Columbia Medical School now offers a master’s degree in Narrative Medicine, an approach that aids with empathy and root cause analysis. Professional programs like Empathetics are succeeding in adult education. A 2012 study of 100 residents found that those who took the Empathetics course were “significantly better at understanding [patients’] concerns and making them feel at ease” than those who didn’t. For those without the opportunity for formal training, the Business Innovation Factory’s Narrative Playbook offers a field guide for providers, patients, and caregivers to use storytelling to communicate more effectively.
Training doctors will only get us so far. We need to rethink how we organize both our clinicians and our administrators — and automate routine tasks to help them focus on what matters. Today’s system is hyper-specialized and disjointed. In my case, I had no one coaching me through my long-term goals, no one making sense of each specialist’s contrasting input, and no continuity among providers. Two emerging models of care show promise in shifting the focus toward the patient.
The first is a new model of primary care called Patient-Centered Medical Homes (PCMH), with incentives coming from payers to practices that receive accreditation. They’re defined by five characteristics: comprehensive care, patient-centered, coordinated care, accessible services, and quality & safety. The result is a primary care practice suited to a patient like me: a team of providers would look after me in a coordinated way and communicate with me between visits.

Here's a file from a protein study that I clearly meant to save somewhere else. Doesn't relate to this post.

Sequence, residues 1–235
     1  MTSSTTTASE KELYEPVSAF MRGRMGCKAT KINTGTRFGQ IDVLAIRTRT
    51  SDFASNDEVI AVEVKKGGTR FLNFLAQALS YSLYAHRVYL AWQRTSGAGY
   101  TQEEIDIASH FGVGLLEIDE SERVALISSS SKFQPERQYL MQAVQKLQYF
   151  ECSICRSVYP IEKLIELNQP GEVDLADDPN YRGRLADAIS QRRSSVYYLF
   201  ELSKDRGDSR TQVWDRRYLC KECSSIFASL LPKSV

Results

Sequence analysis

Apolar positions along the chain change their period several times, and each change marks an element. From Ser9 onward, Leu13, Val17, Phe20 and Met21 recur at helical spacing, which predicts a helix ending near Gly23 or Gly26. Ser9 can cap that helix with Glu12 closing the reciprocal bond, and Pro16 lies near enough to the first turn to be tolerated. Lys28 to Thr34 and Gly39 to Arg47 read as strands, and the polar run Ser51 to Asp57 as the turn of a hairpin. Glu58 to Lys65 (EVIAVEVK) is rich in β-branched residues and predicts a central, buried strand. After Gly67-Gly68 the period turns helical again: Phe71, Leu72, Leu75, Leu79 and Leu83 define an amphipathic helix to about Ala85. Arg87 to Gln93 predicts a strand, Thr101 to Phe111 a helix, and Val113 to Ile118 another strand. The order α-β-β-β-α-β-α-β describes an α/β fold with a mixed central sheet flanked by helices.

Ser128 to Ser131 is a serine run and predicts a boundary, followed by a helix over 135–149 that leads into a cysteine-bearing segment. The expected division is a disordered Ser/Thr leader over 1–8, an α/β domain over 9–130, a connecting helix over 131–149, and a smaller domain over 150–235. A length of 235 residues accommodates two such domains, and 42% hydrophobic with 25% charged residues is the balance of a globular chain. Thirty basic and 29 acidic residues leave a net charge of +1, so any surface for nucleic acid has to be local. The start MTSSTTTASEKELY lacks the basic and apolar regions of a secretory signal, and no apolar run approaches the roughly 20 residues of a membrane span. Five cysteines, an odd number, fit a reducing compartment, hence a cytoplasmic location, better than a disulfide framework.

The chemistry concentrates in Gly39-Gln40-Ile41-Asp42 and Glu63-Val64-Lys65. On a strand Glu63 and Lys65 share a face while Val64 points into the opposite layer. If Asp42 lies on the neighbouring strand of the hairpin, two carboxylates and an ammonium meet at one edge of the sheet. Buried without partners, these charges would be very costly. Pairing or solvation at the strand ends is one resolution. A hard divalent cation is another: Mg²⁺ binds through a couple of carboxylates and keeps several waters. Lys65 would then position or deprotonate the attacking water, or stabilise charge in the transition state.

The second is a new model of reimbursement for episodic (or acute) care called bundled payments. Providers receive a flat fee per patient for a particular type of ‘episode,’ such as knee injury, incentivizing them to optimize for care related to those episodes. In The New Yorker, Atul Gawande recently recounted a particular case in which Walmart sent one of its employees, Michael Taylor, to a designated ‘spine center of excellence,’ Virginia Mason. Walmart covered all costs of travel for him and his wife, and he still received higher quality care at lower cost because the center was designed to treat Taylor’s specific condition.
I have yet to find the care I need, but I’m still pushing forward. Even if I’m not cured, one day I hope to check the box for “I felt understood. My doctor went out of her way to perform research and experiment with me. The system didn’t let me fail.”
Thanks to Rachel Katz, Alex Vogel, and everyone who has shared their opinions with me. This is the first of a series on Designing for Clinical Empathy, and I would love to explore more deeply with you the roles of education, organizations, evaluation, and technology in designing for clinical empathy.